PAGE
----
GBM Shortcut: Windows 7 Touch and Browser Scrolling Demo

windows_7_touch_browsersBrowsing with your finger in Windows 7 is going to be a different experience across each browser and Windows 7 system. As demonstrated in this GBM Shortcut video, the experience will be based upon the type of touch digitizer your system has, whether the system is Windows 7 Touch logo certified, and what type of browser you are using.

In this short video demonstration, I’m using a Dell Latitude XT with a capacitive digitizer running Windows 7 and N-Trig’s DuoSense Windows 7 RC drivers.   I demonstrate browser scrolling using three different browsers: Internet Explorer 8, Firefox 3.5, and Google Chrome 2.0. The experiences are definitely different across each browser, even on the same system. In addition, it is a good demonstration about what users can also expect across different touch digitizer systems and whether they are Windows 7 Touch logo certified or not, with Google Chrome demonstrating the minimum touch scrolling support that we’ll see passive digitizers exhibit.

Unless I missed something during my testing of earlier versions of Firefox and Windows 7, until Firefox 3.5 was released yesterday, smooth browser scrolling with panning and momentum   in a Windows 7 Touch computer was limited to Internet Explorer. In previous versions of Firefox, the Drag Up / Drag Down gesture was all we got – it worked, but it wasn’t very smooth and intuitive. In addition, to get   smooth / natural pan + momentum scrolling, Firefox users had to install the popular Grab and Drag add-on.

This morning, I upgraded to Firefox 3.5 and I was pleased to find that Windows 7 Touch pan and momentum scrolling was supported – without the need for the usual Grab and Drag add-on. Strangely, though, I’m not getting inertia (the bounce effect when you reach the bottom / top of a window) in Firefox 3.5. I’m only getting inertia in Internet Explorer.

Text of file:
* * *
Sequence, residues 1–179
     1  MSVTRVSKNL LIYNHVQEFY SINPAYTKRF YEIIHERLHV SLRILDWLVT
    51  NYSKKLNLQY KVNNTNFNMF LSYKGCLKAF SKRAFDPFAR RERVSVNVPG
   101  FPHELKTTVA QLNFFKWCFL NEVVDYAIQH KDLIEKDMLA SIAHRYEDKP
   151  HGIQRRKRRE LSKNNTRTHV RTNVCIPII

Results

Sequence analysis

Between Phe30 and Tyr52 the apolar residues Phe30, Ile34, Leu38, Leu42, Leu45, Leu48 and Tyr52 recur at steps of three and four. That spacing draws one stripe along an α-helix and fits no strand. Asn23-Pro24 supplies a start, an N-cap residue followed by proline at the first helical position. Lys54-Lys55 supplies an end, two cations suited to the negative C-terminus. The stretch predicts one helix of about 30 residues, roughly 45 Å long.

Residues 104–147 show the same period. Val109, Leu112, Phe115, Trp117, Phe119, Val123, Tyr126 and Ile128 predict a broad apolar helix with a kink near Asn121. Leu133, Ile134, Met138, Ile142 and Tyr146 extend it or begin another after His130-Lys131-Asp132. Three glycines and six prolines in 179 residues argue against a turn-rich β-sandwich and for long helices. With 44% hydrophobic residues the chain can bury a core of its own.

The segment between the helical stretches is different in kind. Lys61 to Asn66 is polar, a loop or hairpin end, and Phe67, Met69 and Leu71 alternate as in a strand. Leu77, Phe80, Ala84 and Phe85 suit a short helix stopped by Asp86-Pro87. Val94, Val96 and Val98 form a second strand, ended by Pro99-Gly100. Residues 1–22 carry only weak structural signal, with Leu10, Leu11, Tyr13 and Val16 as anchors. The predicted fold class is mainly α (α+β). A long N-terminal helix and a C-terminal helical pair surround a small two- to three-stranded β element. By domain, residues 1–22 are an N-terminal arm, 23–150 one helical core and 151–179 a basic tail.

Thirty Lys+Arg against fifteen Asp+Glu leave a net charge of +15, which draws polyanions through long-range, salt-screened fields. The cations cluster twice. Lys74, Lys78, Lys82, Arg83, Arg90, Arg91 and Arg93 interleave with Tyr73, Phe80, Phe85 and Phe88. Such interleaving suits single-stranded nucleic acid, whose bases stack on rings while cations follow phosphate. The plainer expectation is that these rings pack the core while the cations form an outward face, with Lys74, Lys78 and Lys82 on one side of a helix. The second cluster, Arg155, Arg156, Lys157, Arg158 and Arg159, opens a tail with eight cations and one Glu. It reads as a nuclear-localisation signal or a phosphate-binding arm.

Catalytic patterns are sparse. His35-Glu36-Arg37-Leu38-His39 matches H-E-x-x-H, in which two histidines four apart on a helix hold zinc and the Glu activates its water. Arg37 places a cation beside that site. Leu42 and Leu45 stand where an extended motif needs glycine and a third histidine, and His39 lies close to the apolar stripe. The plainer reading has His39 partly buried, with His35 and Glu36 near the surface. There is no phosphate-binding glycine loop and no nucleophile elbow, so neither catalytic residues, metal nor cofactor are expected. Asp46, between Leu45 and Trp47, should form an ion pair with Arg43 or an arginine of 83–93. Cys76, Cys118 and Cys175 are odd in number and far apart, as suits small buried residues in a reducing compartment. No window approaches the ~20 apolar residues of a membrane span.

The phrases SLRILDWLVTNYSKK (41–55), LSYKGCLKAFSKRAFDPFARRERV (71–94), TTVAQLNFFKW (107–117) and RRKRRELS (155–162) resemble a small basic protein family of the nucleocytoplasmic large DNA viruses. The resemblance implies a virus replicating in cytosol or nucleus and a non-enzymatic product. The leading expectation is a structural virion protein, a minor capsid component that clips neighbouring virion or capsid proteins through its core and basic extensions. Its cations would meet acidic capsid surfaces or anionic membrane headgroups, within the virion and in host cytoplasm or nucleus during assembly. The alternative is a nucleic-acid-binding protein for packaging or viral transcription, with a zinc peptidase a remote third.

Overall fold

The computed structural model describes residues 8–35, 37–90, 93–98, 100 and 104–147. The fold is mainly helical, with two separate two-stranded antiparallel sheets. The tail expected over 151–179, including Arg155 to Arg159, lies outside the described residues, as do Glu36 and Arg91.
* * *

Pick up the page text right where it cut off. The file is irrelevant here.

As demonstrated in the video, Google’s Chrome browser is not yet supporting the pan scrolling, momentum, or inertia, with the Drag Up / Drag Down gesture being the only way to scroll a web page using your finger. Unfortunately, Google Chrome users can’t install the Grab and Drag add-on, either, since Google Chrome doesn’t yet support extensions.

It is worth noting that unless your touch computer is Windows 7 Touch logo certified, it will only support the Drag Up / Drag Down type of scrolling – it works, but it is not very smooth or natural. To get the smooth / natural panning support, your touch computer will need to be Windows 7 Touch logo certified. Normally, these will be capacitive / optical based systems, but even then, not everything that is capacitive / optical based right now is guaranteed to be Windows 7 Touch certified. Don’t look for the popular passive digitizers to support pan scrolling. Passive digitizer browsing experience will be similar to what I demoed on the Google Chrome browser. According to Microsoft, there will be some clear logo signage on the computer that indicates if it is a Windows 7 Touch system. Learn more about the Windows 7 Touch logo certification.

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